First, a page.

The Monday post

Great fun. The Three Stooges sing opera, in a 17-minute 1945 short called Micro-Phonies. Or sort of sing opera. Or fake singing opera (hence the title).

mcrophonies blogFor those who aren’t Three Stooges fans, the first half might be slow going. But the second half, in which the Stooges sing “the sextet from Lucy” at a rich snob’s house party — that’s priceless for anyone.

And the sextet (abridged) works really well as a trio. Seriously! (Bel canto experts already know that one of the soloists in the piece, the mezzo singing Alisa, is really just doubling a chorus part.)

A few thoughts about the movie (which are optional; I really put the film here because it’s fun):

It shows how large a part classical music played in popular culture back in the past. Think also of A Night at the Opera, many Bugs Bunny cartoons, Fantasia (even though that film was, comparatively speaking, a failure). Not to mention innumerable Hollywood films, and innumerable orchestras broadcast by all the US commercial radio networks.

Note the way the rich snobs are dressed at their party, with the men in white tie. That gives a double context to orchestras wearing white tie, then and now. Back in 1945, white tie wasn’t unknown outside of orchestras, so for musicians to wear it made a little more sense than it does now. But it was also rich peoples’ garb, so orchestras were showing, by wearing it, that they had close connections to high society.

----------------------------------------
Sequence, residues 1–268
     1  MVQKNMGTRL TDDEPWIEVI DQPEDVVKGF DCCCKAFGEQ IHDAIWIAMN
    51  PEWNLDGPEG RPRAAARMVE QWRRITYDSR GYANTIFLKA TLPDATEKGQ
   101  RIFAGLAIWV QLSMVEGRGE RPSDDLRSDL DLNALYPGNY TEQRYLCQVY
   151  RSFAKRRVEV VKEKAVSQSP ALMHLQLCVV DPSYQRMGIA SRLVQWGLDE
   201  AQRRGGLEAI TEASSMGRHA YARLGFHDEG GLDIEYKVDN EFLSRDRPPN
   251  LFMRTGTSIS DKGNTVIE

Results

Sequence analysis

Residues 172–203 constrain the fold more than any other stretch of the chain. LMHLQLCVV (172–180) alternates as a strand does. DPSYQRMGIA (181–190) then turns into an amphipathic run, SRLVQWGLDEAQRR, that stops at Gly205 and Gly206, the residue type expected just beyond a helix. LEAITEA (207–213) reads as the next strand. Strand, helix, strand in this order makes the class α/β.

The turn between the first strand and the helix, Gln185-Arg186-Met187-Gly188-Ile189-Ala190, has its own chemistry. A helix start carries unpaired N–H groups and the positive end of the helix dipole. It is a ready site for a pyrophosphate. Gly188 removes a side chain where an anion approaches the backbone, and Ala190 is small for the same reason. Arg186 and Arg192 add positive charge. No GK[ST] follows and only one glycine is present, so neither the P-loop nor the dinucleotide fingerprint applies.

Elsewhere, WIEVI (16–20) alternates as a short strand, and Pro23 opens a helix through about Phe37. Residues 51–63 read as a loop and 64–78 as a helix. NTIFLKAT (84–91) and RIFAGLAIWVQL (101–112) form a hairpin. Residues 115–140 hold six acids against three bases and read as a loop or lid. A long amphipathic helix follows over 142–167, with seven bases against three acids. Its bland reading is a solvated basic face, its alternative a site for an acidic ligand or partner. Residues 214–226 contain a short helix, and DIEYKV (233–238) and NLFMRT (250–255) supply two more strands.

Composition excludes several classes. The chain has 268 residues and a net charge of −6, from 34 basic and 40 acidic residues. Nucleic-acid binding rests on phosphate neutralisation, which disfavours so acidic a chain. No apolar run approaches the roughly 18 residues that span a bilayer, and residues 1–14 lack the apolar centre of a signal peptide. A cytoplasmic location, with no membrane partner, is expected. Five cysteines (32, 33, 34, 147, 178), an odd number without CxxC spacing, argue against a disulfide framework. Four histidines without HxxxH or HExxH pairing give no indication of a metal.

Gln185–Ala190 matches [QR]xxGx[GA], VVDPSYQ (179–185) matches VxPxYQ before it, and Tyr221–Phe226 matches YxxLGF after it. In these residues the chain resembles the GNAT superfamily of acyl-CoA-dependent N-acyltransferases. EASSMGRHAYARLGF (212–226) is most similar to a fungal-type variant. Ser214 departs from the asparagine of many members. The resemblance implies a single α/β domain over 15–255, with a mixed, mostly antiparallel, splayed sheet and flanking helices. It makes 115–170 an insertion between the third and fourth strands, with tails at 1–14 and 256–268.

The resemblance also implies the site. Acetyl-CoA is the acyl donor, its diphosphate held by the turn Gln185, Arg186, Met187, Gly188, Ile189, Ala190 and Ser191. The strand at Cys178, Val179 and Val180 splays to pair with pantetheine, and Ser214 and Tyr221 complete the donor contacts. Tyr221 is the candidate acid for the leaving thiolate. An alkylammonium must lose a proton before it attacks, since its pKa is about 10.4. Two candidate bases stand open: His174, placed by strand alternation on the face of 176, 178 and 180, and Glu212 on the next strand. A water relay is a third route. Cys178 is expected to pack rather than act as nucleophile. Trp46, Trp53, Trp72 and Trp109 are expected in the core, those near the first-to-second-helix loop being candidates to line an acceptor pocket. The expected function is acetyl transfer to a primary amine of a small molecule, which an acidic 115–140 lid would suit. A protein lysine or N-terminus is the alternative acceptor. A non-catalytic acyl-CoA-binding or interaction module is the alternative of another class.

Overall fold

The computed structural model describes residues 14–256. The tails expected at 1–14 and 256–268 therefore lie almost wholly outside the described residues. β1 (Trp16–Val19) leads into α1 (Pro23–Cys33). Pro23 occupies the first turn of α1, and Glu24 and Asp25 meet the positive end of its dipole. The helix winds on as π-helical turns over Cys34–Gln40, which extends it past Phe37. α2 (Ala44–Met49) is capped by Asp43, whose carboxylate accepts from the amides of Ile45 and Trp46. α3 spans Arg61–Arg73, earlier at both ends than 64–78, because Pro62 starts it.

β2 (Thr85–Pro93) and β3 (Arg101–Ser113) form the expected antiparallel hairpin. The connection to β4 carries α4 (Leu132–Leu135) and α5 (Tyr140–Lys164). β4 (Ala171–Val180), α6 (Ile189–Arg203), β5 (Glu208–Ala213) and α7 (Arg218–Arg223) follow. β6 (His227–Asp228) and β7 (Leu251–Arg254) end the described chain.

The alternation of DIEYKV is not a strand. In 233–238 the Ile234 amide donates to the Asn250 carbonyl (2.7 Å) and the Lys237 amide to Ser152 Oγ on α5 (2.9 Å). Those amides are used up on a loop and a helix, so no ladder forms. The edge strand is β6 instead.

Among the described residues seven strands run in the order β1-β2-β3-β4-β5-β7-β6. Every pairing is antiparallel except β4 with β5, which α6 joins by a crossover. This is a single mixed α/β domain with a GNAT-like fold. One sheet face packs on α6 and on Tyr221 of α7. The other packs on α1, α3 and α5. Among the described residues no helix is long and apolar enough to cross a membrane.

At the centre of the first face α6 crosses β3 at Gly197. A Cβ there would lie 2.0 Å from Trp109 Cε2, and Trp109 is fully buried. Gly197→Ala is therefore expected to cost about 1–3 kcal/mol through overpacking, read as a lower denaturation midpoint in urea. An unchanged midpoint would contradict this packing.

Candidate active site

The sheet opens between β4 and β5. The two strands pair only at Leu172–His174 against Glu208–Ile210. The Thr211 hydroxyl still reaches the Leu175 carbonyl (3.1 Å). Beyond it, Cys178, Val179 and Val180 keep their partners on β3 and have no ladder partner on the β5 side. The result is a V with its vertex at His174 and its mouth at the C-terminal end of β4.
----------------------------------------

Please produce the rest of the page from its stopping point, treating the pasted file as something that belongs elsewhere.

And it’s fun to hear, in the film, the Strauss waltz Voices of Spring as a vocal piece. We’d frown on that today, but why not? It’s fabulous fun for a coloratura, and I think would be a huge hit if someone sang it on a concert program. New audiences, I think, would especially eat it up, because it serves both as real music and as a fabulous stereotype of how opera singers sound. Which makes it perfect for our current (if you’re younger) age of irony.

(Although I see that Kathleen Battle sang it at a New Year’s Eve concert in 1987 with none less than Karajan conducting. And it sounds so staid, so classical! Without half the verve as the performance in the film, sung by a real soprano, not by the Stooges.)

Finally, the piano accompanist in the film has terrific flair. The rhythm of the waltz is enough to get you out of your seat dancing. (Karajan can’t touch that.)

Watch the movie. It’s fun, with no need for all these footnotes.

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    • says

      Thanks for correcting me on the waltz!

      In SQuareheads they use the tune, but not the words. New English words make the piece a serenade, sung under a porch — no, you idiot, make it romantic, call it a balcony!